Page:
ISIS publishes a ‘how to’ outfox Twitter guide

Terrorist group also expands to more Web platforms.

November 20, 2016 17:39
2 minute read.
Social Media

A 3D plastic representation of the Twitter and Youtube logo is seen in front of a displayed ISIS flag . (photo credit: REUTERS)

Islamic State’s presence on social media is here to stay even as it loses ground in Iraq and Syria and after a serious crackdown by Twitter. The terrorist entity has published a guide on how to outfox Twitter’s efforts, according to an advance copy of a report by the Jihadi Websites Monitoring Group of IDC’s International Institute for Counter-Terrorism obtained by The Jerusalem Post.

The Amaq media group, which Islamic State uses to “raise awareness about safe and secure Internet use,” recently published several graphs on its Telegram instant messaging-service account regarding the organization’s activities on social networks, according to the report.

Amaq’s data includes some staggering statistics, namely that last month alone, 5,994 new Islamic State-linked accounts were opened, including 732 on Facebook, 5,162 on Twitter and 100 on Telegram, along with 50 virtual telephone numbers to be used to open fictitious accounts on social networks.

This means a 25% increase from September in its use of social networks.

Besides those published graphs, the ICT report said that Islamic State announced that it intends to expend “significant efforts on the wide distribution of the organization’s propaganda materials in light of the Twitter administration’s systematic removal of IS[IS] supporters’ accounts.”

To accomplish its goals, Islamic State provides several “tips on how to outfox the Twitter management and continue to publish propaganda materials,” and recommends that its supporters join the group’s efforts to distribute materials on social networks.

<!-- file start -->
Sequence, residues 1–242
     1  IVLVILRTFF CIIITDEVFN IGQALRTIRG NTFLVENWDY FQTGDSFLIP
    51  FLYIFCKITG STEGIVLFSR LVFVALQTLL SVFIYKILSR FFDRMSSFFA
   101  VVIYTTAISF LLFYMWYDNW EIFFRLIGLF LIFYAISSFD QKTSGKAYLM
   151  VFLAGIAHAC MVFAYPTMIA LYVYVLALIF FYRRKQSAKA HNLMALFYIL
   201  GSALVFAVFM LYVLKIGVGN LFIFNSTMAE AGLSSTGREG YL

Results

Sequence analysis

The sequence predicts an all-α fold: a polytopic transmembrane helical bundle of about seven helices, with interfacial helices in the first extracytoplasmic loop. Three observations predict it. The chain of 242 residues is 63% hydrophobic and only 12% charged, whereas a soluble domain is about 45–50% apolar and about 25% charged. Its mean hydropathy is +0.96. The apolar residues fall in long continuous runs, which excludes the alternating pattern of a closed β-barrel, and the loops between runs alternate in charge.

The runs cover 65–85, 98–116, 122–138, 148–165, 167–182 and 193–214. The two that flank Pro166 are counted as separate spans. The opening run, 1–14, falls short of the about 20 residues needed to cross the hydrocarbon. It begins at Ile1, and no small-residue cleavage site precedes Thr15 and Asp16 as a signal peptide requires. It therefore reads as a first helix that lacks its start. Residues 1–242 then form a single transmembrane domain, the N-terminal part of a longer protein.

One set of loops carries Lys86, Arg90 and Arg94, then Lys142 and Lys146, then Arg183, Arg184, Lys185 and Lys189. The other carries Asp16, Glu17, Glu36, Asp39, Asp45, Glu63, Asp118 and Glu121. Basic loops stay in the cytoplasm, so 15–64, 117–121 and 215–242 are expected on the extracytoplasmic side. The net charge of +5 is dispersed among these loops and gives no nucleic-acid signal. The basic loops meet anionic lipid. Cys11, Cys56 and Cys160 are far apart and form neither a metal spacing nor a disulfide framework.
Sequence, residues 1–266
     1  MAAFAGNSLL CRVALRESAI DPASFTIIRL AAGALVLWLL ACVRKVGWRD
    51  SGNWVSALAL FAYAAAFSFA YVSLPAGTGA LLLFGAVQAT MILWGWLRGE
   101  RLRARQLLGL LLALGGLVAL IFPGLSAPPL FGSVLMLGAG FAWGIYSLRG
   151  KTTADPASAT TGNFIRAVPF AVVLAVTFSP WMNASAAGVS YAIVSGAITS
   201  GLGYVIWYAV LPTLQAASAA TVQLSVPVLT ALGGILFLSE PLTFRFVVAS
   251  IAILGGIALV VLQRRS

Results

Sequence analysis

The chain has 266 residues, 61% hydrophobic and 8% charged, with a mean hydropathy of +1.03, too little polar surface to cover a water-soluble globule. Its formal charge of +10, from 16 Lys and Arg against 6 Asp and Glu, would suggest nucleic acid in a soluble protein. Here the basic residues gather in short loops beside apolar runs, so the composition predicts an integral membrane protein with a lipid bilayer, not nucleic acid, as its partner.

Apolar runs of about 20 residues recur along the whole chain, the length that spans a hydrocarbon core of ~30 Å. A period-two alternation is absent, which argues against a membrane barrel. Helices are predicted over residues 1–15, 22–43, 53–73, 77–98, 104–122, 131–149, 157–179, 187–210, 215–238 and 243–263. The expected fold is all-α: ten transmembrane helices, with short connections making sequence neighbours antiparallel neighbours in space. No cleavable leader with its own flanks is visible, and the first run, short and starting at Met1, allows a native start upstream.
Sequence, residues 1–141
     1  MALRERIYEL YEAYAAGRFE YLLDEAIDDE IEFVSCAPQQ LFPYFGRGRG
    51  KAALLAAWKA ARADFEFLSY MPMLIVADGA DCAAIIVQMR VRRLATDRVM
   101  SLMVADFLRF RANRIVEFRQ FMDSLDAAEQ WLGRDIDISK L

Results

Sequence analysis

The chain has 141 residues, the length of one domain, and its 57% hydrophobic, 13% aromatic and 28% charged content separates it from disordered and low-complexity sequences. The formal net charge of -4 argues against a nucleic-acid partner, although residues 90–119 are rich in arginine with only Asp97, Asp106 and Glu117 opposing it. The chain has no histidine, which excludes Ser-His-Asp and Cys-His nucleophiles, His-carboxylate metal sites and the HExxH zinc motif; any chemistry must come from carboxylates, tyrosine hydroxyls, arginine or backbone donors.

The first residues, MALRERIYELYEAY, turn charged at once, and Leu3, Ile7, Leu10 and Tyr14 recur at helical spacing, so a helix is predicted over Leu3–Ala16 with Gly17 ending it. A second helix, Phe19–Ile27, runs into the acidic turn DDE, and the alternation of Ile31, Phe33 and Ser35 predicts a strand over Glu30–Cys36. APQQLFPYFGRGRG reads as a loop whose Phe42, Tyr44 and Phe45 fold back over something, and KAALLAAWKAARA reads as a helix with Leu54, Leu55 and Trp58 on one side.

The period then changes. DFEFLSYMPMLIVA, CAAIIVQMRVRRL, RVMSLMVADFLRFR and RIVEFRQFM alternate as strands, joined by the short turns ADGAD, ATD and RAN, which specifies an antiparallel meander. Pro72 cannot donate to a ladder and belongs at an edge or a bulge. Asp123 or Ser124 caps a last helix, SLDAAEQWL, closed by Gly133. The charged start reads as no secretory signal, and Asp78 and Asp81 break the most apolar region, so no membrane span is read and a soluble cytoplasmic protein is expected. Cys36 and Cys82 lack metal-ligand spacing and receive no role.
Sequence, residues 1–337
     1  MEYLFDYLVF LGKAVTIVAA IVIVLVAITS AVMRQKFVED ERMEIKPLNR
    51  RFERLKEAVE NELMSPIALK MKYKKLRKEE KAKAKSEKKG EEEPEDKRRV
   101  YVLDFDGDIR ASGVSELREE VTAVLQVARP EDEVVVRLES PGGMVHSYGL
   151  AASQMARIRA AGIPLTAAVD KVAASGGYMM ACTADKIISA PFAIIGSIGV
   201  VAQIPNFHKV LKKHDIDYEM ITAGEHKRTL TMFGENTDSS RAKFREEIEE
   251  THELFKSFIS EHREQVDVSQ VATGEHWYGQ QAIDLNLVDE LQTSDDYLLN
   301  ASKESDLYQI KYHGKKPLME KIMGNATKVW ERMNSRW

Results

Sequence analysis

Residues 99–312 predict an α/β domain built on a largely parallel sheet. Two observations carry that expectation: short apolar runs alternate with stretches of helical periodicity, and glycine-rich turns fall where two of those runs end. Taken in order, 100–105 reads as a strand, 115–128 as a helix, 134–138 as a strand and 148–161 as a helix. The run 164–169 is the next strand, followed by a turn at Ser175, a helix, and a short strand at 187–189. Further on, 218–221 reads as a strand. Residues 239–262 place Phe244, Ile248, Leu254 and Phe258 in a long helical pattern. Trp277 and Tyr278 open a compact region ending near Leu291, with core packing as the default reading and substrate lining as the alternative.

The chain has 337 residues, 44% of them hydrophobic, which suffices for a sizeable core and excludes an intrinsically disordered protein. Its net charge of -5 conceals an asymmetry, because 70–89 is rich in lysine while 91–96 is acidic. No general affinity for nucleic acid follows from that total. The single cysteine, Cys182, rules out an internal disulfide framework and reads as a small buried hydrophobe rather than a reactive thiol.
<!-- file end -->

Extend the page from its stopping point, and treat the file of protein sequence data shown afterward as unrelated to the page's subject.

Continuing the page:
In another exclusive ICT advance-copy document obtained by the Post, it is reported that “Horizons” (Afaq), an Islamic State-affiliated media outlet, released a guide titled, “Introduction to I2P and the Darknet and how to use them,” providing instructions in Arabic on installation of I2P (Invisible Internet Project, an overlay network and Darknet that allows applications to send messages to each other pseudonymously and securely) on Android devices.

The guide was published on November 9 on a website that allows registered and anonymous users to store texts and images and distribute them using a public web page.

This platform is an overlay network part of the Darknet, a parallel online world to the Internet that can assist users in masking their identities.

According to the user guide described in the ICT report, “I2P provides a better solution than Tor [another Darknet-related program] as this network is faster and less vulnerable to cyberattacks” from the West as it tries to limit Islamic State’s online presence.

I2P was also mentioned as the encryption software recommended for the safety of Islamic State supporters in Belgium after the March 2016 attacks in Brussels, said the report.

Up until now, the I2P network was “used mainly for cyber-criminal activities,” and, unlike Tor, had not attained major popularity among jihadists.

But in late October, the report noted that the supervisor of the top-tier jihadi forum Shumukh al-Islam warned users about uploading links to Darknet sites as being overly vulnerable to Western hacking.

The organization’s push for using I2P reflects its attempts to adapt to new situations by adopting new technologies.

Using these social media and other platforms, Islamic State continues to distribute propaganda materials that frame its battles in terms of its fighters having the upper hand. The ICT report added that the organization attributes considerable importance to the conceptual aspect of its struggle with the West and others, leading it to prioritize “displaying a presence and visibility on social networks.”

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